Paranoia Setting In
I have lived in Houston for 34 happy years. I remember a few years after I came, Hurricane Alicia created havoc and I realized that I lived in a semi-tropical climate prone to things like hurricanes and floods. Yet I was young and adventurous and was willing to trade warmer weather for weather events.
It’s kind of like California residents know the threat of earthquakes are always there, but they choose to live there anyway. The same for Miami which sustained several bad years in a row of damaging hurricanes several years ago – they were just pounded over and over. We attended a wedding there a year after these series of hurricanes and the broken windows and damaged buildings, trees etc were still visible everywhere. It reminded me of the power of nature, particularly in desirable areas.
Did anyone pick up and leave? Did it spook anyone bad enough to leave Florida? I wonder.
I so love living in Houston and I must say I can count six weather events that impacted me —not the weather in each case —in my 34 years here: Hurricane Alicia in the mid 80’s – no personal damage but I was an HR person for the electric company and so I was in their volunteer corps to go house to house checking on people; Tropical Storm Allison in the early 2000’s that flooded the entire city and though a low lying area of my house was affected, other entire areas of the city completely flooded.
Then there was Hurricane Katrina, which freaked everyone out, though it didn’t happen in Houston, it happened 8 hours away in New Orleans. We took in a lot of people who escaped the city and some of them remained here. We all became wary of flooding and damage from the visions of that terrible storm so close to us.
After Katrina came Hurricane Rita which was supposed to be a direct hit on Houston. We all evacuated and the actual evacuation was such a nightmare – I could write a whole blog on that awful experience; and I later wished I had just hunkered down at home because it bypassed Houston. My husband, having only lived in Houston a short time and experienced the news from Katrina, was pretty freaked out and wanted to evacuate. It was a non-weather event, but impacted us all the same due to the crazy evacuation – people stranded, and out of gas everywhere, roads jammed. It seemed like the end of the world.
Next, Hurricane Ike paid us a visit. We lost power for a while, and a fence and had some other mess to clean, but came out of it unscathed except my doggie Pebbles died shortly after.
Following Ike, we experienced a four year drought in Texas that was so severe, wildfires were prevalent outside of Houston all the way to Austin. It was a scary four years, where I lost a lot of our garden stuff, with relentless sun and drought and heat and no rain at all. You can read this Chronicle story verifying this if you are interested.
After those four years I said I would never complain about rain again. The severity of the drought was scarring, and now it seems I should not have promised I would never complain about rain.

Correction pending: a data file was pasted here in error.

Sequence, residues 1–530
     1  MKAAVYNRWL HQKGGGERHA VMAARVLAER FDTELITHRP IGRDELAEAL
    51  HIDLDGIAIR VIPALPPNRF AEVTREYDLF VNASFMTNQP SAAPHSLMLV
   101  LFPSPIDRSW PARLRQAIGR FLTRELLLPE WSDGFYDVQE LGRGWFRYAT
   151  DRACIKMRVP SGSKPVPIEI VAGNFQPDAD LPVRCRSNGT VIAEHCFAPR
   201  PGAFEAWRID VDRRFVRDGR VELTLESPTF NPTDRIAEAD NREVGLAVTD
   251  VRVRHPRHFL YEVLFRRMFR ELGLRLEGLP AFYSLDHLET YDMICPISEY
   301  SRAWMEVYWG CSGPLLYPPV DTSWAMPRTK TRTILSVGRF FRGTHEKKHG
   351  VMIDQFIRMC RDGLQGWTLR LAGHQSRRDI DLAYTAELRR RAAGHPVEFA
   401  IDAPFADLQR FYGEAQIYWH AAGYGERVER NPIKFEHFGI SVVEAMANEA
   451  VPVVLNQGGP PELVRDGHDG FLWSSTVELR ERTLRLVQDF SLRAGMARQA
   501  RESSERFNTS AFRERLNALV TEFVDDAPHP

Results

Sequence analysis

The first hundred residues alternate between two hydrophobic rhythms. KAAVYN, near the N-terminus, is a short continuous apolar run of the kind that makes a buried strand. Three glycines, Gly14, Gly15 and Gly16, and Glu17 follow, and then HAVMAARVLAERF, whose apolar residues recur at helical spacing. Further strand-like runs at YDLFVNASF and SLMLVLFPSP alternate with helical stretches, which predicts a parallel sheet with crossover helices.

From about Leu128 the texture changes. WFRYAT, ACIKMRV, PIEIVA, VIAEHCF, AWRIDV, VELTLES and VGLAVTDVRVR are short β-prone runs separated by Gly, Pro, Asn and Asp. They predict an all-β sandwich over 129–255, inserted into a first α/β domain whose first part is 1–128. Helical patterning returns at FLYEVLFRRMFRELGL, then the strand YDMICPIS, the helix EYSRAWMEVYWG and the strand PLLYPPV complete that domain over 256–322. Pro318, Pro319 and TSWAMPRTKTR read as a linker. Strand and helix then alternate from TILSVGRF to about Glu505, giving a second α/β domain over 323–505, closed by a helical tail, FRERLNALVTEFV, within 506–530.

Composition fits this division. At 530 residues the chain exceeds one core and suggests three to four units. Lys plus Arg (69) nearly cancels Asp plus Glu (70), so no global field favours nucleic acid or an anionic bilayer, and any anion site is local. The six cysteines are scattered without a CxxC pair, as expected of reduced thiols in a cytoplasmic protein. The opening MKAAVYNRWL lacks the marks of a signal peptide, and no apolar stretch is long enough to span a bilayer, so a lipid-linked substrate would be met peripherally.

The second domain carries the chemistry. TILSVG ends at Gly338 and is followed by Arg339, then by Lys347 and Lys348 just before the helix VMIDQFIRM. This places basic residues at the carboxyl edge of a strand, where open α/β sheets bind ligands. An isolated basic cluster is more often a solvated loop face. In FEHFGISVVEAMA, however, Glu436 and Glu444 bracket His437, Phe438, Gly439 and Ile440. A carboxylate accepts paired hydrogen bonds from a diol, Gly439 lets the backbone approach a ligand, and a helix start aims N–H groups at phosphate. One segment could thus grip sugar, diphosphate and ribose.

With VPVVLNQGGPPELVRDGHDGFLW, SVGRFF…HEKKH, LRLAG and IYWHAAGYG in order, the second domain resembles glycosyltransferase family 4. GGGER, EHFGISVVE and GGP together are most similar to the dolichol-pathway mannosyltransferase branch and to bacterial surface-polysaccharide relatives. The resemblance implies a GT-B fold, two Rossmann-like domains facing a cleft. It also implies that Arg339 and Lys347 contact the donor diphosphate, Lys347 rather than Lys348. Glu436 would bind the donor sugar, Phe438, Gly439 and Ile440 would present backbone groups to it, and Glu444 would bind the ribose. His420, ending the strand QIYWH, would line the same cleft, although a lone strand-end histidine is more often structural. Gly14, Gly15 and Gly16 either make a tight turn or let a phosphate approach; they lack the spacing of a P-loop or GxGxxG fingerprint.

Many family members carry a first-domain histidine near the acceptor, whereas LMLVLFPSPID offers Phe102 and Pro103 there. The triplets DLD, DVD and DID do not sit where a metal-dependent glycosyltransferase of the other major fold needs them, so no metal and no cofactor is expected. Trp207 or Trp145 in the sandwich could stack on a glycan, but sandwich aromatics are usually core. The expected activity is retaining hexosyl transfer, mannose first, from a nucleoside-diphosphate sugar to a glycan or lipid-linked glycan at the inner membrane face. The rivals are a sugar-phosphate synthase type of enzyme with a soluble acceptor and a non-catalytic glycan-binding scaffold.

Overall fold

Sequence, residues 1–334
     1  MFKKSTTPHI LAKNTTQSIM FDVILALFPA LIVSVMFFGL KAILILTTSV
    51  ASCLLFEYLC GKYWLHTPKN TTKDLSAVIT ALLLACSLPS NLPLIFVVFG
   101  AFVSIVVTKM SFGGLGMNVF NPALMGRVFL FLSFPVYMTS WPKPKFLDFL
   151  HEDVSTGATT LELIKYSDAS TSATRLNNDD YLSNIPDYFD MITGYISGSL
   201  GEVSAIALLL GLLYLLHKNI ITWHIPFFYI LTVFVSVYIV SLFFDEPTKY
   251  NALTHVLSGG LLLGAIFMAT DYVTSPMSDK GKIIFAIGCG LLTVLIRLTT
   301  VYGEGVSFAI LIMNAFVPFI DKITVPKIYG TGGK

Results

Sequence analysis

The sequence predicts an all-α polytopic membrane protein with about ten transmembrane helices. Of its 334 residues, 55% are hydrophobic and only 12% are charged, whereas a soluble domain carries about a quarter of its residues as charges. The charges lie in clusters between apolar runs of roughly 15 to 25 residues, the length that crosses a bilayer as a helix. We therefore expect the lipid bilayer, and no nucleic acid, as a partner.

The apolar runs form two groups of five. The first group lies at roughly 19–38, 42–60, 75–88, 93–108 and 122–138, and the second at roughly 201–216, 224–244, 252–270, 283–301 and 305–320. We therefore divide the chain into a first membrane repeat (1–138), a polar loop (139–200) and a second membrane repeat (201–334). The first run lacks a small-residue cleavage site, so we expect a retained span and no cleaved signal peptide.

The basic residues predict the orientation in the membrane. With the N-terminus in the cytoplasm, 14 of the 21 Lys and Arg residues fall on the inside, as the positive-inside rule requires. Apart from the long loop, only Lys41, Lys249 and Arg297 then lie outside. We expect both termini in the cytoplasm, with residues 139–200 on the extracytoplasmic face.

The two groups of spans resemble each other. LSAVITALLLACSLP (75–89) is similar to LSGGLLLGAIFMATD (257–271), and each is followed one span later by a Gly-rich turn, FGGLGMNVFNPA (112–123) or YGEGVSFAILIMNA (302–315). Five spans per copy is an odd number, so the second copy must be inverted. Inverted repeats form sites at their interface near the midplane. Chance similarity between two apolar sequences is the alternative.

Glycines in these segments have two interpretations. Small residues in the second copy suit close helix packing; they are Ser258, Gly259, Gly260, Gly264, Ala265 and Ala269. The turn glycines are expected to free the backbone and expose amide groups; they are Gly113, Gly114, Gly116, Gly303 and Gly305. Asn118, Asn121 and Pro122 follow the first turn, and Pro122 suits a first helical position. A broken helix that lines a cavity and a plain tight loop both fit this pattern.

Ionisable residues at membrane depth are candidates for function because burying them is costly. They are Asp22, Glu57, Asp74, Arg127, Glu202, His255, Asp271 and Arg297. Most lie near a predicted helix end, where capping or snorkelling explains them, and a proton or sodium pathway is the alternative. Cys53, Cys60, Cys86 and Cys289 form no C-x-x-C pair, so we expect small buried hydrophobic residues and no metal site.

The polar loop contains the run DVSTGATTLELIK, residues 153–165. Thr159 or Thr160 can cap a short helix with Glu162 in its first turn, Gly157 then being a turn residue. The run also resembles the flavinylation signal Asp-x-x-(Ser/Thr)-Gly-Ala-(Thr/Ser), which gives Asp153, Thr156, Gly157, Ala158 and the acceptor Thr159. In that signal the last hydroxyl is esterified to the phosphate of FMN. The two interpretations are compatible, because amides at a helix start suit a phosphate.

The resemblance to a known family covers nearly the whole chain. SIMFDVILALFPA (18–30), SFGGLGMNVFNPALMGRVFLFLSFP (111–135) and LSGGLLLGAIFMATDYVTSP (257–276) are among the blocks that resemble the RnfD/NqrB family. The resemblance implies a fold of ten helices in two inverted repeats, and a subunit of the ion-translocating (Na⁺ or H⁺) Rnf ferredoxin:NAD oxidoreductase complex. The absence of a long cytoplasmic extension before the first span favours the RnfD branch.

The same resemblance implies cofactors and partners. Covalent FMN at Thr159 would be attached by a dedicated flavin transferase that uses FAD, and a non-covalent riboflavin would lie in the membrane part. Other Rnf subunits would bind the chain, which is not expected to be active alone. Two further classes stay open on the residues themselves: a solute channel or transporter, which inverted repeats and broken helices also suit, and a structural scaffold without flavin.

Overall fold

Our Memorial Day flood ruined our home and devastated our neighborhood and entire area of town. The storm and other drains are still probably clogged and now Tropical Storm Bill is threatening us with two days of downpours.
After the flood, not only am I cursing the rain coming, but I am also paranoid about staying in my home for the very first time in my 34 years of living in Houston. I am re-thinking my plans. I dont want to be scared of storms, I want my happy, peaceful, content life in Houston back. Call it Post Traumatic Stress Syndrome, or anything else you want, but there is now an uneasiness about this El Nino weather pattern this summer, and especially now with the storm coming so soon after our flood, there is a creeping paranoia within me.
Though we spent frantic and hard-labor hours (as did everyone else) preparing by raising any remnants of ownings that escaped the first flood, I don’t want to have to live through this again. As a dear friend who also flooded confided in me, we feel too old and have a different nervous system now, to be cavalier and adventurous in weather events.
So now the big decision arrives: bail on the life I know, or stick it out? Lots of others are facing that decision. What to do? It’s not an easy decision, I can tell you that.
Postscript: Lest readers think we are contemplating bailing on Houston, that is not the case at all. As I said, in 34 years, only 3 weather events directly affected me – not a bad amount given the number of years we have lived in and loved Houston. I would never leave the family, friends and warmer weather and great community here. Due to paranoia, we may bail on living anywhere near a bayou. Our wonderful area of town is loaded with them.
Sorry to say that none of us can really escape extreme weather because of climate change. Back east they will have flooding and have already had some terrible storms in the past, including in NJ, where you might want to move. Out here we have drought and earthquake and yes, sometimes flooding too.
You just can’t escape it. Might as well hunker down and do your best.
such a great post
it’s very sad indeed..You’re facing a Sophie’s Choice level of decision, or indecision: Shall you consider giving up the unknown..for the unknown?? Leaving a city you love for something you may not love as much? My husband uses this logic that he learned as a grad student at Stamford many years ago in almost everything we do. It’s called “Decisions and Outcomes.” You make a rational decision based on the information you have on hand at the time, weighing every option. But the outcome cannot be predicted, even if every decision is planned carefully.
Oh we would not leave Houston Karen. No need to.